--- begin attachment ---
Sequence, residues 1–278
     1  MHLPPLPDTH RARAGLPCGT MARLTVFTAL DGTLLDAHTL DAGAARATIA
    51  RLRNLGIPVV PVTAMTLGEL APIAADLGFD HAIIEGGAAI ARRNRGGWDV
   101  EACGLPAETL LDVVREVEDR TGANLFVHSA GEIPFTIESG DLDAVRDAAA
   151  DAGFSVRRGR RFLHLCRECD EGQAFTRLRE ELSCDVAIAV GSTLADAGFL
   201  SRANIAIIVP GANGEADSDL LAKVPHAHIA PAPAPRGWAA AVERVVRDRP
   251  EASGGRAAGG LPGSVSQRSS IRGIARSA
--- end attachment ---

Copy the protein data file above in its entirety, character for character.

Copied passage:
Sequence, residues 1–278
     1  MHLPPLPDTH RARAGLPCGT MARLTVFTAL DGTLLDAHTL DAGAARATIA
    51  RLRNLGIPVV PVTAMTLGEL APIAADLGFD HAIIEGGAAI ARRNRGGWDV
   101  EACGLPAETL LDVVREVEDR TGANLFVHSA GEIPFTIESG DLDAVRDAAA
   151  DAGFSVRRGR RFLHLCRECD EGQAFTRLRE ELSCDVAIAV GSTLADAGFL
   201  SRANIAIIVP GANGEADSDL LAKVPHAHIA PAPAPRGWAA AVERVVRDRP
   251  EASGGRAAGG LPGSVSQRSS IRGIARSA